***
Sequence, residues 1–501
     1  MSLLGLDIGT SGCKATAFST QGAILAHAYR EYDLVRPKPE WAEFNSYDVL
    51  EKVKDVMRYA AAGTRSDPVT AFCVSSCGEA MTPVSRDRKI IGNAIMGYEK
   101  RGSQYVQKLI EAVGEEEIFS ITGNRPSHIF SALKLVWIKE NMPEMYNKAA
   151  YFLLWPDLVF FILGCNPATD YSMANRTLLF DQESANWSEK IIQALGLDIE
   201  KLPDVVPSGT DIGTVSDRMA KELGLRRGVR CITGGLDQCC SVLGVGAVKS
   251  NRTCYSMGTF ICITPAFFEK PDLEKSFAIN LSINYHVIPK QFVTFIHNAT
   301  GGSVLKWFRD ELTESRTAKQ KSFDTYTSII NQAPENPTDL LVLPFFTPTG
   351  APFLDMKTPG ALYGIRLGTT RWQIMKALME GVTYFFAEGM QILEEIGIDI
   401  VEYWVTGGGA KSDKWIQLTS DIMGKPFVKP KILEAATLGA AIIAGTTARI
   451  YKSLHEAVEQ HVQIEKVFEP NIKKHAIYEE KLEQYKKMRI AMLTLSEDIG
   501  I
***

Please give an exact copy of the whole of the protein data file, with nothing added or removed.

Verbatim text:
Sequence, residues 1–501
     1  MSLLGLDIGT SGCKATAFST QGAILAHAYR EYDLVRPKPE WAEFNSYDVL
    51  EKVKDVMRYA AAGTRSDPVT AFCVSSCGEA MTPVSRDRKI IGNAIMGYEK
   101  RGSQYVQKLI EAVGEEEIFS ITGNRPSHIF SALKLVWIKE NMPEMYNKAA
   151  YFLLWPDLVF FILGCNPATD YSMANRTLLF DQESANWSEK IIQALGLDIE
   201  KLPDVVPSGT DIGTVSDRMA KELGLRRGVR CITGGLDQCC SVLGVGAVKS
   251  NRTCYSMGTF ICITPAFFEK PDLEKSFAIN LSINYHVIPK QFVTFIHNAT
   301  GGSVLKWFRD ELTESRTAKQ KSFDTYTSII NQAPENPTDL LVLPFFTPTG
   351  APFLDMKTPG ALYGIRLGTT RWQIMKALME GVTYFFAEGM QILEEIGIDI
   401  VEYWVTGGGA KSDKWIQLTS DIMGKPFVKP KILEAATLGA AIIAGTTARI
   451  YKSLHEAVEQ HVQIEKVFEP NIKKHAIYEE KLEQYKKMRI AMLTLSEDIG
   501  I